This piece was my favorite. It was made out of the pieces that they cut off to make the 64X32 sheets. The 'ends' are pieces that were cut off the end of the sheet. Those pieces have bubbles and are more dimensional.
Another lovely piece.
I believe they said the lady on the right made this fantastic piece.
Need trophies or awards? They have these great pieces that are available in many colors. They are then engraved before they are awarded to lucky recipient.
I was torn as to what lovely piece of art glass that I wanted to take home. I finally decided that I would buy something small and at a later date bring R back and we would together decide which piece to buy. Of course I didn't leave empty handed. I bought a small paper weight and a marble with the KOG logo.

If you are interested in taking a class (I think we will take a class in the fall), or the tour, or you just want to buy some beautiful glass visit their website for information.

We thoroughly enjoyed our visit to KOG. Our guide couldn't have been nicer and put up with all of our questions and we had MANY questions. This is the kind of tour that would interest both men, women, and older children (8 and up).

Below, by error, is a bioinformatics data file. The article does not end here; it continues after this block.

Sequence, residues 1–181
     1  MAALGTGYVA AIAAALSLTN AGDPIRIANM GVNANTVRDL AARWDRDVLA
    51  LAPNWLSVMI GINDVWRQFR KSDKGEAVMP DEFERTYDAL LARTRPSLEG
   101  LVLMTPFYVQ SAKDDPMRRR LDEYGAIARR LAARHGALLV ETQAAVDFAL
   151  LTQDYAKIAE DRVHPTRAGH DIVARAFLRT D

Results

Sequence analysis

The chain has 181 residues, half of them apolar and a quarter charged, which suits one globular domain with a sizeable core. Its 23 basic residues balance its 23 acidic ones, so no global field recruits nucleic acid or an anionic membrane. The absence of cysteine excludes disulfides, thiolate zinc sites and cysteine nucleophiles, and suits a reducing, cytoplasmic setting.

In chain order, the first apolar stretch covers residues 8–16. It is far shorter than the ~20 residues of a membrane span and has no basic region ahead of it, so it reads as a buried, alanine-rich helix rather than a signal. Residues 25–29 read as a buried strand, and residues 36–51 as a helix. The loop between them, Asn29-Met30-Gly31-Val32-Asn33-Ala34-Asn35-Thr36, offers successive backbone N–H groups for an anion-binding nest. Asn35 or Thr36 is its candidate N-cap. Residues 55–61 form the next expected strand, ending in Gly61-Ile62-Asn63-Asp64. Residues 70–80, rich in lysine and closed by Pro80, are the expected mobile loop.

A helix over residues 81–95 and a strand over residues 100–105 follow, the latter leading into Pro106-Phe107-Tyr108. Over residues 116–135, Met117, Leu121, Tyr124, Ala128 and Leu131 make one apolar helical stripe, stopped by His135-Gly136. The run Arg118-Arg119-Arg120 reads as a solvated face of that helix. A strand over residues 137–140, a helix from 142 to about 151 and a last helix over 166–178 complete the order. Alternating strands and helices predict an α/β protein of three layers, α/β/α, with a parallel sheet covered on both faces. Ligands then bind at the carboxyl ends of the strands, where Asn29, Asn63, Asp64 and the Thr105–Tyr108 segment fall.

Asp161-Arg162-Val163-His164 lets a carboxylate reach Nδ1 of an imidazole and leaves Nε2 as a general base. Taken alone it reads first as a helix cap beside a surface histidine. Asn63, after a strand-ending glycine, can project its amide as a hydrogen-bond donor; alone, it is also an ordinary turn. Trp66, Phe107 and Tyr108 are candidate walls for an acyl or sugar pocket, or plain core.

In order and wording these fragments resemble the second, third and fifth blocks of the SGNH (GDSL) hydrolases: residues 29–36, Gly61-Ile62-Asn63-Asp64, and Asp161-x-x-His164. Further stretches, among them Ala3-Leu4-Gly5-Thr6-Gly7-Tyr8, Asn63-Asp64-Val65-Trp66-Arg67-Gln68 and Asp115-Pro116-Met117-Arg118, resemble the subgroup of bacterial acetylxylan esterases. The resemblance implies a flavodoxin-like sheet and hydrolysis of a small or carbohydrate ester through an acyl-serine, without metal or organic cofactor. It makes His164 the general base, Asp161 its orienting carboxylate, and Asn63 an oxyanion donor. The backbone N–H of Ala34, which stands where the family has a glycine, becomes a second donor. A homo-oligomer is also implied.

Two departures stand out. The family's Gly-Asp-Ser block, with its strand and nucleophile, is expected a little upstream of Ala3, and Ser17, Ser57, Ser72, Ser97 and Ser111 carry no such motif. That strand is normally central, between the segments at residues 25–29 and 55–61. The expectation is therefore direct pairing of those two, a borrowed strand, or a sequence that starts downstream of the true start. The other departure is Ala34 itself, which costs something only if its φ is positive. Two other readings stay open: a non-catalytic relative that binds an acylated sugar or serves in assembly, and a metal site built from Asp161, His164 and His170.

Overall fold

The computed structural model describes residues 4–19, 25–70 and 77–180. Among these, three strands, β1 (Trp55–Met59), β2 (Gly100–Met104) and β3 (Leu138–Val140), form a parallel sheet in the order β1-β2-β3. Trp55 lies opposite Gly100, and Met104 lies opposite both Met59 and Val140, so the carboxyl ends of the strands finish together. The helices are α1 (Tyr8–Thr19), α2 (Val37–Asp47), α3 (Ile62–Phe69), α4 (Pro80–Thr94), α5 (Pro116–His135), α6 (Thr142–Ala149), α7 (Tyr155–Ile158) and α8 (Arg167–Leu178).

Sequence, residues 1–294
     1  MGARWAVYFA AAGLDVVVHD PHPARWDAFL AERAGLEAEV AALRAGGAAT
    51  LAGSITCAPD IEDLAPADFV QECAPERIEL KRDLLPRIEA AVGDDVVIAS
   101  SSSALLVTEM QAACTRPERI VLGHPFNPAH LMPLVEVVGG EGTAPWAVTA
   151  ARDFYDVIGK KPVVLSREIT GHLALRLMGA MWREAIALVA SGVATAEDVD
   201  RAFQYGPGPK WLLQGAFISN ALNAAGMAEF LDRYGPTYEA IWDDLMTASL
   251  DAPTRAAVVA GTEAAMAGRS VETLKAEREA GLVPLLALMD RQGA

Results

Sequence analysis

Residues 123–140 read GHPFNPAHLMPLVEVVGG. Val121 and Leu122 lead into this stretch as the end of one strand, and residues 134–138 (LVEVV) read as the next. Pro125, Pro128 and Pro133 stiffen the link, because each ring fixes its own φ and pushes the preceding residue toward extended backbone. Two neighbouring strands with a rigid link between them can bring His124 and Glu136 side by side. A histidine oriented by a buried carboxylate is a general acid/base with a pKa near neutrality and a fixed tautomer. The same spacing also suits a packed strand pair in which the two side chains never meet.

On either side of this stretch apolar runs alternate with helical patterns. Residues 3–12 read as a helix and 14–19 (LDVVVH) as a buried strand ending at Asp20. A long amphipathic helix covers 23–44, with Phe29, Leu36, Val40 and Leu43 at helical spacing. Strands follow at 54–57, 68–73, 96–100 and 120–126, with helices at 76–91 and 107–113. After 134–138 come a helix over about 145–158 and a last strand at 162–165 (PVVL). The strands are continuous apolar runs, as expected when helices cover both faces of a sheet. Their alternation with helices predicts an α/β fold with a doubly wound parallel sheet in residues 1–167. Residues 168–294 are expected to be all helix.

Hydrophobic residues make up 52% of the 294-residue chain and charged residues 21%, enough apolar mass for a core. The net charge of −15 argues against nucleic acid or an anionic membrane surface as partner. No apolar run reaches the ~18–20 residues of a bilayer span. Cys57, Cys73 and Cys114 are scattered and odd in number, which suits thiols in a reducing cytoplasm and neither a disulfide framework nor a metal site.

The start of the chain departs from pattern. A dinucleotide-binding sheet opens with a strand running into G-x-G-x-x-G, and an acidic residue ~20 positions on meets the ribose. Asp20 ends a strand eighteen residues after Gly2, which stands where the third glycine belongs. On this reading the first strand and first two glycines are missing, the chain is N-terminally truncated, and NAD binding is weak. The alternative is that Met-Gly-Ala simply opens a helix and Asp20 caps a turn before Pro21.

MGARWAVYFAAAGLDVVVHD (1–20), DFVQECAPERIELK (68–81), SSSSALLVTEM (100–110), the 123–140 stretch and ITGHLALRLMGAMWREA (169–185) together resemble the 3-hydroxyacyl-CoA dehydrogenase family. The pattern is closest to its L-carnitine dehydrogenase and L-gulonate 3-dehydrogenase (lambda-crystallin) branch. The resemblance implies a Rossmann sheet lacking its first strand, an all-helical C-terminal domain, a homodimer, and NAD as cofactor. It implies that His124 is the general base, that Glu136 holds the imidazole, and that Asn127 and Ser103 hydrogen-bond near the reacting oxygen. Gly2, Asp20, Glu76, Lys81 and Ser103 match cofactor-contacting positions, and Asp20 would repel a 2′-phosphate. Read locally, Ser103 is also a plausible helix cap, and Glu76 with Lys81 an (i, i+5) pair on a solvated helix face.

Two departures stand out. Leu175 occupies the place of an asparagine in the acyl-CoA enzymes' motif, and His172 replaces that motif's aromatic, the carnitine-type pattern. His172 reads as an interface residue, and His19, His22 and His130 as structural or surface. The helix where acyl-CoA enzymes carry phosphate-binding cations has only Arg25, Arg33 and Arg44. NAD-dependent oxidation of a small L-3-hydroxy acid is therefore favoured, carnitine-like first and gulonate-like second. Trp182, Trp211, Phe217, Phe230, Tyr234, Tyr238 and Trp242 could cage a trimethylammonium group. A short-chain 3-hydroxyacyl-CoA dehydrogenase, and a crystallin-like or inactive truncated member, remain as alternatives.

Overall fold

Tomorrow I will post about our visit to Greentown and their glass factory.

Wednesday, May 18, 2011

Free Leather Gardening Gloves

Not much has been happening at 'The Gear' here lately. It has rained almost everyday for a week or so now.

In between the rain we have been putting down more black mulch. So far we have laid down 31 bags. We need at least 30 more bags. Currently Lowe's has black mulch on sale for $2.50, so now is the time to buy!

Today, I stopped by Ace Hardware and purchased a great pair of leather gardening gloves for $2.99. That's really not a bad price but it gets better. Ace is currently offering a rebate on one pair of gloves for $2.99 which makes the gloves FREE!!!!!The gloves come in small, medium, large and Xlarge. They are also available in two colors, sage green with rose colored flowers or dark coral with green and tan circles. Of course your Ace Hardware may have different colors and sizes available or as they say...your mileage my vary (YMMV).